We Were the Creepy Childless Adults at the One Direction Movie
Last week, when we were totally researching for work and not wasting time as the clock wound down at all, we came across this utterly hilarious Jezebel article about what happens when two grown people watch the One Direction: This Is Us movie with a room full of screaming fans.
As we read on (again, in the name of research), we became jealous of their funnies and also wanted in on the One Direction party. Unfortunately, we aren't nearly as brave as they are, and the idea of tween riots in a theater over Harry, Niall, Zayn, Liam, and Louis made us want to run to our safe and happy places.
We still opted to check out this boy-band movie, but rather than risk dying in a stampede of pink and glitter, we opted to go at a time that we presumed would be their bedtime: 9:20 p.m. Genius, right? Not exactly.
What we didn't anticipate is just how creepy we'd look walking in to a late showing of One Direction: This Is Us with no children. Our plan, brilliant in theory, had us looking like we should be carrying a sack of candy and sporting creepster 'staches while trying our damndest not to look suspicious. Here's what happened.
Angelica: Gee, I'm glad we got here at 8:45 p.m. just in case, it's totally not awkward when the usher comes in to take attendance in the theater, and we're the only fuckers in here. Two grown-ass people, front and center, in a movie about a boy band. We don't look suspicious at all.
What happened to the days of movie trivia? I mean, it's great that there are ads for allergists and all now, but I'm guessing the target audience of this movie isn't quite in that demographic.There are not enough Candy Crush levels in the world to make this wait any shorter. The lights need to go down now. There aren't even other people in this theatre, and I can still feel eyes burning in the back of my neck.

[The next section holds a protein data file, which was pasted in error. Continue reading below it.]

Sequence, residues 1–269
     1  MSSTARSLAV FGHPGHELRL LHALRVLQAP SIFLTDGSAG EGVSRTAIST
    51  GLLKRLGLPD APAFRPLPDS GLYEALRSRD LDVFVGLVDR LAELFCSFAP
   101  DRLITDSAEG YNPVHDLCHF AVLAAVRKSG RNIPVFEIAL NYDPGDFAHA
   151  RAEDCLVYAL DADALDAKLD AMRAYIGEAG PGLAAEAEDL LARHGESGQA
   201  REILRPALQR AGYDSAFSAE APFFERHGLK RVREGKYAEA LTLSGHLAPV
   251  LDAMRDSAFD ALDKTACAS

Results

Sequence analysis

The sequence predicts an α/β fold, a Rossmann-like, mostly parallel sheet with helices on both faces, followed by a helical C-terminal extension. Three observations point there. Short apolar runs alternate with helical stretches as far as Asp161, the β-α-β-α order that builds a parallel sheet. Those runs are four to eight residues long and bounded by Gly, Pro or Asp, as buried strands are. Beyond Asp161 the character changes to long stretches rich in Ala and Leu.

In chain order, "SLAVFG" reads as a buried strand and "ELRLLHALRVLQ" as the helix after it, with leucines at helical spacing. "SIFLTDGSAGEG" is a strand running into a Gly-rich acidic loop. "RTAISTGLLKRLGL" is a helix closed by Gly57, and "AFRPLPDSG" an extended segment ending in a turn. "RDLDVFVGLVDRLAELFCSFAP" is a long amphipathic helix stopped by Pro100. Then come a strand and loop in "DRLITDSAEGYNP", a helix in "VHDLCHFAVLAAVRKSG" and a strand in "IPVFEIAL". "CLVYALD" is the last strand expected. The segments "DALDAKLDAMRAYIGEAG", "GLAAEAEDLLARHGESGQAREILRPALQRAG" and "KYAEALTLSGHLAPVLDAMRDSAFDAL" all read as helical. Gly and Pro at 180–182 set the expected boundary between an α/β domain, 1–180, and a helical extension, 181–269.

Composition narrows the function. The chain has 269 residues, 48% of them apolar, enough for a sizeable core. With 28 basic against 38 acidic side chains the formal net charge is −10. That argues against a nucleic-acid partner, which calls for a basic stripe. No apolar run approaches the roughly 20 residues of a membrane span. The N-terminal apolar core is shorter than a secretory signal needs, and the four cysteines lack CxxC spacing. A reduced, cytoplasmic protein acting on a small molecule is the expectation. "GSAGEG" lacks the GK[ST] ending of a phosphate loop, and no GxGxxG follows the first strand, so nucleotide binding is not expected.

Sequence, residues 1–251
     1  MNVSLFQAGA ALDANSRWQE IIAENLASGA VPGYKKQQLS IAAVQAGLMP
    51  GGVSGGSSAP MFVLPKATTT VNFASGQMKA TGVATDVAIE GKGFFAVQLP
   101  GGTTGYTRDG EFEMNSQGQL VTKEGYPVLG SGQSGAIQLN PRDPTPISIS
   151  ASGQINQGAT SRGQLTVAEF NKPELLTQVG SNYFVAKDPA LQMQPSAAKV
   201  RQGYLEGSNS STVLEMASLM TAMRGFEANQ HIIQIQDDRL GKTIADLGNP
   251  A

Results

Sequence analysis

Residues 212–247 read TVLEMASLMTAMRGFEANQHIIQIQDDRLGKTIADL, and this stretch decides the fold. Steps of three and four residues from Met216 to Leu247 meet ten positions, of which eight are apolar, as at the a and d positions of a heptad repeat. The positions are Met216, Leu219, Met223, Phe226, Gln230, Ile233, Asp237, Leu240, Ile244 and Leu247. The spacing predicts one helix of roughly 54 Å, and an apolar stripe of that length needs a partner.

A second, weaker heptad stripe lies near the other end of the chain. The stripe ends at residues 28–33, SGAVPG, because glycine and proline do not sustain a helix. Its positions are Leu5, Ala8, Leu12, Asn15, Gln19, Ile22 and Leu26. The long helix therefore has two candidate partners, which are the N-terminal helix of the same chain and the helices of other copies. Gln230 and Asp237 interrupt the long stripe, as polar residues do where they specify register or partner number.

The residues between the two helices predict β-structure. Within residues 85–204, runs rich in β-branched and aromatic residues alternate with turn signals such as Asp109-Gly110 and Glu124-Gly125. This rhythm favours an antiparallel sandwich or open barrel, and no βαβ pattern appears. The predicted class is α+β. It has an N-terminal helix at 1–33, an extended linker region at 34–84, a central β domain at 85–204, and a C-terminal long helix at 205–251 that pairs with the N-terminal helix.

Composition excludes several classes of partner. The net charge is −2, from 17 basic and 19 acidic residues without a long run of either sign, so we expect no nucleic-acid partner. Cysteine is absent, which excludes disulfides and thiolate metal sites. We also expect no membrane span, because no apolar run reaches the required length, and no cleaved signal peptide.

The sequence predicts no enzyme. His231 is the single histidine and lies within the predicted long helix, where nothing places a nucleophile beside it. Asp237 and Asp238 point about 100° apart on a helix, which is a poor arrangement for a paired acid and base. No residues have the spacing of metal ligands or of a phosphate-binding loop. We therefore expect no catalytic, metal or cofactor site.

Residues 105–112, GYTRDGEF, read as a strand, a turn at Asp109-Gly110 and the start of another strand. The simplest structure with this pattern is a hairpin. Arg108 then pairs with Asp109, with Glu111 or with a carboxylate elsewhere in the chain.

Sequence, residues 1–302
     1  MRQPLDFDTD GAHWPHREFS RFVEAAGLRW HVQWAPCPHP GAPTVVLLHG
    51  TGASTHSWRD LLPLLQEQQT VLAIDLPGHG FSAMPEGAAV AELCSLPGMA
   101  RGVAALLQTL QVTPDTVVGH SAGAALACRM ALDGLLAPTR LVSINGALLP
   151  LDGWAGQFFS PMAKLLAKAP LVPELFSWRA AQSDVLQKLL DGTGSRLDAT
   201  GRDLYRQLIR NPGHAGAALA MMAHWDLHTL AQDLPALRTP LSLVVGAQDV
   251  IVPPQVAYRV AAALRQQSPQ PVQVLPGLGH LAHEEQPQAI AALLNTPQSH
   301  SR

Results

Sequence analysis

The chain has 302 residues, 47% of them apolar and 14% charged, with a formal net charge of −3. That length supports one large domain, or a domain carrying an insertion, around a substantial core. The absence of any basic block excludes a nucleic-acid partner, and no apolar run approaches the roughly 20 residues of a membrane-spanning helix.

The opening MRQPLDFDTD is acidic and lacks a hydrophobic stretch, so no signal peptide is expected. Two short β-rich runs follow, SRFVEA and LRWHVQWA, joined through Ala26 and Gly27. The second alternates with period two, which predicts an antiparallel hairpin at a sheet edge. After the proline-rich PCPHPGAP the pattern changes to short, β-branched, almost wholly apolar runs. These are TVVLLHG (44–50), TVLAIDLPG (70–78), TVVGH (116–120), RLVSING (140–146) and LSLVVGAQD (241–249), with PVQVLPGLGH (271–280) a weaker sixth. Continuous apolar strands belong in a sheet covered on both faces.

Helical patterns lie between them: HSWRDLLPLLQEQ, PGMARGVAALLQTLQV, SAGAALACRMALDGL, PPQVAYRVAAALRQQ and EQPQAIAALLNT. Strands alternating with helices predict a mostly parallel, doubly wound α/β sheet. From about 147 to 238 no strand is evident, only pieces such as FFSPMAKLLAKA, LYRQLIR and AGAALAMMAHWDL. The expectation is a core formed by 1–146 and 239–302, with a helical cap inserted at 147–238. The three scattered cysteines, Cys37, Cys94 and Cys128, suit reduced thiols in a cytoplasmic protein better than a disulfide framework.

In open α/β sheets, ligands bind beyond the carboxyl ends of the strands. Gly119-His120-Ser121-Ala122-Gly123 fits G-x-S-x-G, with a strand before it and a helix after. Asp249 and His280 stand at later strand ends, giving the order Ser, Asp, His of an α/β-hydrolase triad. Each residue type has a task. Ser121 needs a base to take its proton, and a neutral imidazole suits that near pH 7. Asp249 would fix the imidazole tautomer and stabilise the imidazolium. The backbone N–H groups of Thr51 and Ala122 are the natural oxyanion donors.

Chris: The first thing I wrote in my notebook after the opening credits of started spooling was, "What am I doing here?" When it was over an hour and a half later (if that), I thought, "Well, that wasn't bad at all."
Notwithstanding its negligible musical merit, I found This Is Us to be a fascinating look at the many well-oiled parts of pop-entertainment machinery required to mount a production on the scale of One Direction -- chief among them the chemistry of five lads from Nowheresville, UK and Hicktown, Ireland -- by a filmmaker who is turning out to be an A-list muse of mass-consumption culture.
More or less, director Morgan Spurlock does the same thing with disposable pop songs here that he did with hamburgers in his 2004 fast-food expose Super Size Me, only without the accusatory tone. (Team One Direction very much had say-so over the final cut of This Is Us, as outlined in a recent New York Times article.)
Angelica: Yay! The first boy band member is on the screen. What? These kids have tattoos, and I'm pretty sure one is a butterfly across a chest. Don't know who; they're still all interchangeable. I feel like there should be young girls singing along with these songs. Sorry, chicas, but I just can't represent. I want to, but I don't know what the hell these songs are. I am surprised they can sing though.